Monday, June 23, 2008

My Thoughts on Megirot, pt i

Let me preface this by noting that I know nothing of Megirot personally, but just impressions from what I have read in articles and blogs. And there is no real reason you should really care about my take over that of anyone else. However, I do have some thoughts about it. And since I posted Yehuda's comment last week and mentioned that I might try to explain what I agreed with and disagreed with, this will be part of my attempt to follow through.

In this post, I will try to put forth the reasons for Megirot, though tempered somewhat. Perhaps in a later post I will elaborate on the possible causes for concern.

I think that to a large degree, the concept of Megirot is silly. It is pop-psychology by people who are not trained psychologists. And it is masked as religion, and specifically Jewish religion, but it is really folk-religion with a Jewish tinge, guided someone who is not a professional member of the clergy. So there is what to worry about. If that declaration runs afoul of the laws of lashon hara, so be it. I will try to elaborate on why I think this later, bli neder -- perhaps in a different post.

However, there are people in need of help. And I recall a research study in psychology that compared different therapy methods -- e.g. Freudian therapy, Rogerian, Gestalt therapy, etc. -- I am giving examples not from memory, but rather making up the specific examples. But the most important factor in success was not the particular method, but rather whether the therapist believed in it. Now this could be because those who believed in the method were more likely to be effective in applying it. But I think that one should not dismiss the relationship which develops between the therapist. And if the therapist believes it will work, and is committed to it, this will be conveyed to the patient. And the bond with another human being is good to improve one's emotional and mental health. Call this a placebo effect if you will, but this is an actual psychological effect, and its benefit should not be dismissed.

Referring to Yehuda's particular case, as representative of many other cases I am sure exist. Raising 8 children is hard, as this cartoon illustrates:

This can be quite a burden to place on any person. Especially if money is tight as well, as seems to be the case. And post-partum depression can also factor in. To have to look after the kids, clean the house after all these kids, prepare meals, worry about money, etc., with the possibility of more kids on the way when you already cannot cope, is something that most of us cannot really imagine.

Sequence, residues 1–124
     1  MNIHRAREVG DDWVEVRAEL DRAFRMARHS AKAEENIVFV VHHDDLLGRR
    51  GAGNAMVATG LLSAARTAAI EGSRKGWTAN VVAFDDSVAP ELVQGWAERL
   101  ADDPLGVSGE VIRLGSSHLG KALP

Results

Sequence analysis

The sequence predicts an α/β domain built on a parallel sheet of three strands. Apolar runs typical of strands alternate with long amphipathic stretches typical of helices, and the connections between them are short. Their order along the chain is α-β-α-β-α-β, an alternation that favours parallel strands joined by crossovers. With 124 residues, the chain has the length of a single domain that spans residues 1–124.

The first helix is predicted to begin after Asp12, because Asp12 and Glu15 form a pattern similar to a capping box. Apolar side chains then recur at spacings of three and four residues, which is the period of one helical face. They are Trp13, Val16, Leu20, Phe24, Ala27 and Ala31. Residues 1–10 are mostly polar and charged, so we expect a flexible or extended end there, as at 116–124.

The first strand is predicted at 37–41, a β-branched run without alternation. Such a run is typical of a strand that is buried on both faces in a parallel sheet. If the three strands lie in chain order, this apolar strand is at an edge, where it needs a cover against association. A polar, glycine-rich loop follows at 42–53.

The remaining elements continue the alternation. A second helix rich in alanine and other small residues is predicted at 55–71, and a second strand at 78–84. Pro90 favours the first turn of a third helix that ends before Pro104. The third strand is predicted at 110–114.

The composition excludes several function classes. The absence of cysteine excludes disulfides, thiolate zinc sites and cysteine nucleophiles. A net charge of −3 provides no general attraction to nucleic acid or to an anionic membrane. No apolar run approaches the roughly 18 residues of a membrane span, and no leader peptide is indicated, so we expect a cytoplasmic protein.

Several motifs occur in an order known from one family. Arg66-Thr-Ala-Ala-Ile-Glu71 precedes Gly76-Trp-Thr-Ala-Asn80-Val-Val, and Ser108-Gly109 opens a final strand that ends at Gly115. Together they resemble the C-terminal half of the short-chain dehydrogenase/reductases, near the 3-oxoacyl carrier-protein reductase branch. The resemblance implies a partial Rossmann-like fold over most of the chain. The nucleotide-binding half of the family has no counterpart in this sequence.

Such a person needs a support group, or a therapist, or something. At the least, a book club, to make friends, vent, etc. Or a support group of people going through similar things. Or a therapist to whom one can express and explore one's feelings and psyche. But what are the possibilities of this in a chareidi neighborhood. I don't know, but I would guess slim. Going to a psychologist might bring on stigma that could make it difficult to marry off those 8 kids. Hanging around discussing novels? What a waste of time! Is that something a righteous Jewish woman would do?! Perhaps she could join a tehillim zugging group, or a challah baking group. Or -- one could practice Megirot and go to Megirot groups.

The beauty of Megirot is that it casts itself as a religious activity. One transforms the mundane into the spiritual. And thus one prays, saying "Ana Hashem..." before cleaning any drawer. One goes to a spiritual advisor. And by making use of Jewish or Jewish-sounding concepts, it sounds like a religious activity. And this religious garb is good because it provides an opportunity to women who previously would not be able to participate in it.

A prayer to Hashem might be said before cleaning a drawer, but the important aspect is not the talking to God, but the talking to oneself. This is introspection, and thinking about what one could or wants to change about one's life. And this takes what would otherwise be drudge work, or an overwhelming task for an overworked mother, and turns it into a reflective, transformative experience. This is good.

Further, one attends classes with other women who are going through many of the same problems, and who sought out megirot as a result. This provides a sense of community and a sense that they are not alone in their struggles. And talking over, and preparing "prayers" with a spiritual megirot advisor is a form of therapy.